RTO: Goldman and JPMorgan are right to love offices
The degree to which bankers will be back in the office after the pandemic is very different depending on which side of the Atlantic you are in.
In Europe, major lenders report that Covid-19 has revolutionized the world of work. Century-old banking giant HSBC Holdings Plc recently said its top executives were abandoning their precious private offices to hot-desks in open spaces. Finished the fifth of its global office space this year as the lender moves to a hybrid home office arrangement for staff.
In one of the boldest steps, Societe Generale SA plans to allow all employees in France to work from home at least two days a week – for some it could be as many as three. Standard Chartered Plc is dismantling dedicated offices for more than 800 employees worldwide, including CEO Bill Winters, and making the flexible work styles adopted during the pandemic permanent.
The Wall Street titans, on the other hand, are eager to return to their old work habits, their employees in tow. Jamie Dimon of JPMorgan Chase & Co. says he’s done with Zoom calls. His Goldman Sachs Group Inc. counterpart, David Solomon, said he viewed remote work as an “aberration.” All flexible options seem to be limited at this time.
An Accenture Plc A survey of hundreds of financial services executives in the United States and Canada found that nearly 80% would prefer their employees to spend four to five days in the office after the pandemic is over.
Their argument is that being in the office together boosts productivity and innovation, while fostering corporate culture. It also facilitates the integration of staff, especially juniors.
Once face-to-face meetings with clients are the norm, they are expected to be what will make the difference in making deals. Dimon lamented running out of business because his rivals were able to meet clients in person. This might be difficult to reconcile with permanent remote working arrangements.
Which side is he right on? I have to say Wall Street looks more realistic. Beyond aligning corporate strategies with their financial interests (most major banks have loaned large sums to the commercial real estate industry), it is safest to maintain flexibility in how habits will change after the pandemic.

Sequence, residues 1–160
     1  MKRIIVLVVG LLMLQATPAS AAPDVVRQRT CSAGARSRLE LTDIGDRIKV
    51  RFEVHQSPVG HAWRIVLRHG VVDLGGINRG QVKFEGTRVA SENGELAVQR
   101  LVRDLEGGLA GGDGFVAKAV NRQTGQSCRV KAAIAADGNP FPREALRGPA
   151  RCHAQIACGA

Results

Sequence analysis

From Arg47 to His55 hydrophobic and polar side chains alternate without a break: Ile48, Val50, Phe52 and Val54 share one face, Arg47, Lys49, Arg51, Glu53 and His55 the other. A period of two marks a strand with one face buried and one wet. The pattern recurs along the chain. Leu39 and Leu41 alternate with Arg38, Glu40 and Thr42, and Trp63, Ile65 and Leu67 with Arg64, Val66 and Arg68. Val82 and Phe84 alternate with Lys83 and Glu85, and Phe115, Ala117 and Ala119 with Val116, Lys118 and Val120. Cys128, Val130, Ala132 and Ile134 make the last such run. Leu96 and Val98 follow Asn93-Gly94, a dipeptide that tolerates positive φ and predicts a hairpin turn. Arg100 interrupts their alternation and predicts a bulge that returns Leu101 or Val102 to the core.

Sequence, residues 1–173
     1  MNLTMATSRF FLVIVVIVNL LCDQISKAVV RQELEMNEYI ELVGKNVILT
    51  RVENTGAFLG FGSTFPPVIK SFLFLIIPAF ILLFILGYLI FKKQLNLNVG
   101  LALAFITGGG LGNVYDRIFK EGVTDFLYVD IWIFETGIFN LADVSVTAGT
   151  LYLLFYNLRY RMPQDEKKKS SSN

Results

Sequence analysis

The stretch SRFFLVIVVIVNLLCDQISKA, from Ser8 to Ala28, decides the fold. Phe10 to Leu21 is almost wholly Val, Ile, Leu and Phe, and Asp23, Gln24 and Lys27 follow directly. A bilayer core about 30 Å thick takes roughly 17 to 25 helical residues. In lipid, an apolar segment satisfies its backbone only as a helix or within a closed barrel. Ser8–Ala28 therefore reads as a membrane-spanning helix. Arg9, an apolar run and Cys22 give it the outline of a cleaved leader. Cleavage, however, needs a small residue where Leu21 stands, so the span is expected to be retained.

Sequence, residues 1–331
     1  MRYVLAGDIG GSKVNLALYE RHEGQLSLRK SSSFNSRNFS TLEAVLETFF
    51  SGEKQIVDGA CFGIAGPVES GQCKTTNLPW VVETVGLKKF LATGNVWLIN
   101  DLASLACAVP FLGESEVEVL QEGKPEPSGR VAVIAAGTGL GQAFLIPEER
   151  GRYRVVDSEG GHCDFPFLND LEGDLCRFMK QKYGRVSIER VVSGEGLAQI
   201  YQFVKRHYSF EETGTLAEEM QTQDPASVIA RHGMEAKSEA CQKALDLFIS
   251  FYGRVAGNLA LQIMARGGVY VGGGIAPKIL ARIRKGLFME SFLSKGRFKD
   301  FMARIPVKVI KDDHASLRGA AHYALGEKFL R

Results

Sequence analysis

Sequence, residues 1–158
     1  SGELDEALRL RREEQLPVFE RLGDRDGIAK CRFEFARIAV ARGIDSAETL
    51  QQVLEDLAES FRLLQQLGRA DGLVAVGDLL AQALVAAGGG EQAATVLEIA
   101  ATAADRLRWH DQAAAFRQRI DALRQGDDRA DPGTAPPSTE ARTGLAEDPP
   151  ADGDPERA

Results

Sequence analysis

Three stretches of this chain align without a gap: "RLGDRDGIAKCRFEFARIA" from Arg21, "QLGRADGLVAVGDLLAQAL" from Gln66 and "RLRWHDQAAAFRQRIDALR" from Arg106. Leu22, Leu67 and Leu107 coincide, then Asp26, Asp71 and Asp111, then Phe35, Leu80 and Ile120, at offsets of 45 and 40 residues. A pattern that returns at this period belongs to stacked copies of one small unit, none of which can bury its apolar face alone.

An overzealous drive to cut spending and cut spending, which have weighed heavily on the profitability of European banks, could mark a quick victory with company employees and shareholders. that go great on remote or hybrid solutions. But they may be linked to a way of working that ends up being an obstacle.
Certainly, by taking into account the needs and desires of employees emerging from the health crisis, management can boost morale. According to Morgan Stanley, who surveyed office workers in Europe’s five major economies, there has been a consistent preference in recent months to continue working from home two days a week once social distancing subsides. .
And there is tremendous pressure in some areas of the bank to find ways to ease the burden of overworked employees. This back-to-office transition is a perfect time for the industry to make solid changes to respond to a culture that has made it impossible for a more diverse workforce to flourish.
However, not everyone will have a choice. Remote work in the most regulated parts of financial services may not be feasible in the long term. Regulators had no choice but to allow some flexibility while movement restrictions were in place. But as Axel Weber, chairman of UBS Group AG noted, high-risk areas simply need to be monitored in person. And for some critical functions, including trading where every millisecond counts, the office is by far the top manager.
Businesses need to be careful that drastic new setups don’t get badly thought out or turn out to be ad stunts that don’t make a lot of real change. HSBC CEO Noel Quinn said the idea of hot-desking stemmed from a real thirst to get back to the office with everyone, mingle and share ideas. But the The photo he shared on LinkedIn – a bunch of seemingly random desks with a few plants scattered around – wasn’t very inspiring.
Convincing staff to give up their desks will require more flexibility on the part of employers and an investment in a more desirable workplace, as my Bloomberg Opinion colleague Chris Hughes has argued.
Most people are happier walking into the office if there is a good cafe, a gym, and a fun space to network with co-workers. This is what has earned the Leesman research firm a number of Goldman buildings rankings among the best places to work. As a result, businesses that don’t have to cut expenses are exploring ways to improve their offices, not just reduce their footprint, a London-based commercial real estate advisor told me.
The financial sector could benefit greatly by giving staff more flexibility, cleaning up its image of a dangerously rigid work culture that suits the privileged few. But finding that balance won’t be easy – and early players may not end up winning the race.
This column does not necessarily reflect the opinion of the Editorial Board or of Bloomberg LP and its owners.
To contact the editor responsible for this story:
Melissa Pozsgay at [email protected]